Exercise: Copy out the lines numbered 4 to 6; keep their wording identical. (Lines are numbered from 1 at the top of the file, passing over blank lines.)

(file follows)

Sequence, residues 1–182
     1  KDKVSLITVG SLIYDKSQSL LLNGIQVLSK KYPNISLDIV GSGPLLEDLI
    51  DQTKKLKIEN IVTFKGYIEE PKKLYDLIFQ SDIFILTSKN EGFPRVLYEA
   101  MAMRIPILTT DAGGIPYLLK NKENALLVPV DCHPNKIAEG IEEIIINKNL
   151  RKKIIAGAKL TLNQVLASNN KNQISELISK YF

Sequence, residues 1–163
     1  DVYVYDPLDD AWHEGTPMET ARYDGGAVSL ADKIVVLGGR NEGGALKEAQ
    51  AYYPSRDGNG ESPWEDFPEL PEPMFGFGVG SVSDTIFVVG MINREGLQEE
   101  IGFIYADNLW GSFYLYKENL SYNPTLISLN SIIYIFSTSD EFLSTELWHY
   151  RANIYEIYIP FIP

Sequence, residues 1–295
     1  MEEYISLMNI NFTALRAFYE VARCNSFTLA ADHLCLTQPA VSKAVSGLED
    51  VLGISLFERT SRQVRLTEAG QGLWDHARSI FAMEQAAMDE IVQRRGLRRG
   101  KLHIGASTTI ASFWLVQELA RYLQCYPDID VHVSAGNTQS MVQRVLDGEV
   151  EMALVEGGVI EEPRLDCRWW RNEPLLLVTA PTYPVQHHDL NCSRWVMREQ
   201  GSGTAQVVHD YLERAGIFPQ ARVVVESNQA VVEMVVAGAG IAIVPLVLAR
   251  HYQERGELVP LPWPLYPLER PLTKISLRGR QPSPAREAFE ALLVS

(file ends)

   101  MAMRIPILTT DAGGIPYLLK NKENALLVPV DCHPNKIAEG IEEIIINKNL
   151  RKKIIAGAKL TLNQVLASNN KNQISELISK YF

Sequence, residues 1–163